Sea levels are rising, and, to get a clear sense of the impact that it will have on the Coastside in the coming decades, a trip to Poplar Beach may be in order for this Saturday.
From 10 a.m. to 1 p.m. on June 9, representatives from the San Mateo County Office of Sustainability along with Half Moon Bay city staff will be taking part in “Shrinking Shores.” It is a statewide campaign currently in its second year.
Last year the event was reportedly so successful organizers determined that it should be held again.
“We had an amazing turnout,” said Hilary Papendick, climate change program manager with the San Mateo County Office of Sustainability. “We had people waiting before we even started and a steady stream of people throughout the day.”
Temporary signs indicating the forecasted sea levels will be placed on the beach and bluff tops in the area. City and county staff will be available to take questions from the community and provide additional information about the science and the work being done to address the expected changes.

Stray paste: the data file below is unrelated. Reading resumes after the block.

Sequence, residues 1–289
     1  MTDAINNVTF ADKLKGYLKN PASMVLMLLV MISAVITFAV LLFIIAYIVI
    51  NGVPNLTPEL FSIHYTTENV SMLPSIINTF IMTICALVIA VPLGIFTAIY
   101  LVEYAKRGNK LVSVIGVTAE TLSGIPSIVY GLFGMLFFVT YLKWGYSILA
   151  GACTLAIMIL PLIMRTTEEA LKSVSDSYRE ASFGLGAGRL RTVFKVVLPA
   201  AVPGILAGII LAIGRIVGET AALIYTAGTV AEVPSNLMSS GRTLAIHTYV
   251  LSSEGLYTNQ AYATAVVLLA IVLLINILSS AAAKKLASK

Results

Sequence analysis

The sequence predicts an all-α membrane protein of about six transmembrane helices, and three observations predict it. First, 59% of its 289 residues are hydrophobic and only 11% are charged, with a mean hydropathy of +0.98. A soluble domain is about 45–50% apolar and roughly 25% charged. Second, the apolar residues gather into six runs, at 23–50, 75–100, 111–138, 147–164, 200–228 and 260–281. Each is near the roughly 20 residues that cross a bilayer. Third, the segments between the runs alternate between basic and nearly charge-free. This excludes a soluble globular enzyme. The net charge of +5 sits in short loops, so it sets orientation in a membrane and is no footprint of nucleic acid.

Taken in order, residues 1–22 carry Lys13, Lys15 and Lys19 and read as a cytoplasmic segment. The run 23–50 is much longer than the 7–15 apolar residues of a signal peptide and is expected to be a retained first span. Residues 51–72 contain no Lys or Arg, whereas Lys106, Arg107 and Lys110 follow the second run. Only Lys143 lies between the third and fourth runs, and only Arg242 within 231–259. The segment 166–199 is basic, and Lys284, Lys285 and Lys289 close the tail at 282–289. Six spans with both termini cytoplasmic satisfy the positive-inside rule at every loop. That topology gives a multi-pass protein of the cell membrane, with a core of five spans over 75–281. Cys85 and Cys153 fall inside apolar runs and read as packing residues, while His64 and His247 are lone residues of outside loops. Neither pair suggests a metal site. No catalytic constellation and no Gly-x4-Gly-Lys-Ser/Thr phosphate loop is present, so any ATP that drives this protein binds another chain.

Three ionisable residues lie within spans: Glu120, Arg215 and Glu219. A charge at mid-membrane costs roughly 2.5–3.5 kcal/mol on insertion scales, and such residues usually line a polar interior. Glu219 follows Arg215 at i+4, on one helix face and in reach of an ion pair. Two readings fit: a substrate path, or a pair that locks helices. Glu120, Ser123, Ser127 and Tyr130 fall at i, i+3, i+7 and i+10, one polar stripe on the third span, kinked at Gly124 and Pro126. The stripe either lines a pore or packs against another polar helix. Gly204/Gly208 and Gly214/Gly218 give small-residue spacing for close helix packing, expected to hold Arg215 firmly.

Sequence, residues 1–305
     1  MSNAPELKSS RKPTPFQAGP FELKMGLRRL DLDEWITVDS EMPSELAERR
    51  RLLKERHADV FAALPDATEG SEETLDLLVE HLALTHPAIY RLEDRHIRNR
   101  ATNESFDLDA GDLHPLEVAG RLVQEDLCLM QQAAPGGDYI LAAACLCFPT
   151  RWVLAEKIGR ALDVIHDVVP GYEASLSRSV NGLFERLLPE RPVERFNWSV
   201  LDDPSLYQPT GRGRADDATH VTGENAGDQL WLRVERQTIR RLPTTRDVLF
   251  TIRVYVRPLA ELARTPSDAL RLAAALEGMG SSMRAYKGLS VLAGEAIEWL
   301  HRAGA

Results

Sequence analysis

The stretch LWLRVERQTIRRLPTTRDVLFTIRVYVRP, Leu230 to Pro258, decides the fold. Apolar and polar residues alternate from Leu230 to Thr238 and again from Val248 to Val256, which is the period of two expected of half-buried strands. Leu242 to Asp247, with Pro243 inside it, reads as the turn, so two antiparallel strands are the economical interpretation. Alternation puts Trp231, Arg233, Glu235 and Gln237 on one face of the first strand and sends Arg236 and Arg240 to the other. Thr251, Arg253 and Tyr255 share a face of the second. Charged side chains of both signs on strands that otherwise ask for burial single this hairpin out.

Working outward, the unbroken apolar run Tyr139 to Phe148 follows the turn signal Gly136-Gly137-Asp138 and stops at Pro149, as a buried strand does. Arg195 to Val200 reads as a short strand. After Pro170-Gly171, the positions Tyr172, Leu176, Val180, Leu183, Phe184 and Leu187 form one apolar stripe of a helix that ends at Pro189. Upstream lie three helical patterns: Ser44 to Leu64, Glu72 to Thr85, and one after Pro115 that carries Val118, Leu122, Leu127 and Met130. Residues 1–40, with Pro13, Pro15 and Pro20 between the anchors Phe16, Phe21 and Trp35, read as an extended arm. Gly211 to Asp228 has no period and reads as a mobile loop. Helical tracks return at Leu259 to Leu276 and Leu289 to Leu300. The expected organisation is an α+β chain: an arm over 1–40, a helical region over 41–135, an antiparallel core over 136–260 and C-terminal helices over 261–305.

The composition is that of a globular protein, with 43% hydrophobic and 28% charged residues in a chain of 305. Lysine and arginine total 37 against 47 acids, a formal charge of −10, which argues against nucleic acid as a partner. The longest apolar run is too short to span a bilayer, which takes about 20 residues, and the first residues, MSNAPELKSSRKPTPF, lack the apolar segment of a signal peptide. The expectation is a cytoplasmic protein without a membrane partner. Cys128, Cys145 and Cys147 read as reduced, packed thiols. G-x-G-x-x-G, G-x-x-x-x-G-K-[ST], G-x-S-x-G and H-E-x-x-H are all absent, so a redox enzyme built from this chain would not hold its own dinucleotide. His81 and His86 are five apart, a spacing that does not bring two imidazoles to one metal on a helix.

Since last year’s event, the county released its finalized San Mateo County Sea Level Rise Vulnerability Assessment, which identifies that millions of dollars worth of homes, roads and other infrastructure — including the Sewer Authority Mid-Coastside plant— are at risk.
The county has brought awareness to the issue by supporting other programs such as the Bay Area’s Resilient by Design and continuing to run some of its own, such as the Youth Exploring Sea Level Rise Science Program.
“There’s been a groundswell of efforts and attention on the issue,” Papendick said.
At the event, county officials will provide tips on how to ease personal environmental impact such as by switching to 100 percent renewable energy sources through Peninsula Clean Energy.
Half Moon Bay city staff will be providing information at the event about the city’s plans to address erosion issues at Poplar. That is expected to be addressed in an upcoming project known as the “Poplar Gateways Plan.”
“The gateways plan will consider sea level rise and bluff erosion for an improved Poplar Beach experience,” wrote Half Moon Bay Community Development Director Jill Ekas in an email to the Review.
“Realignment of the California Coastal Trail inland and incorporation of erosion control measures will be critical aspects of the plan.”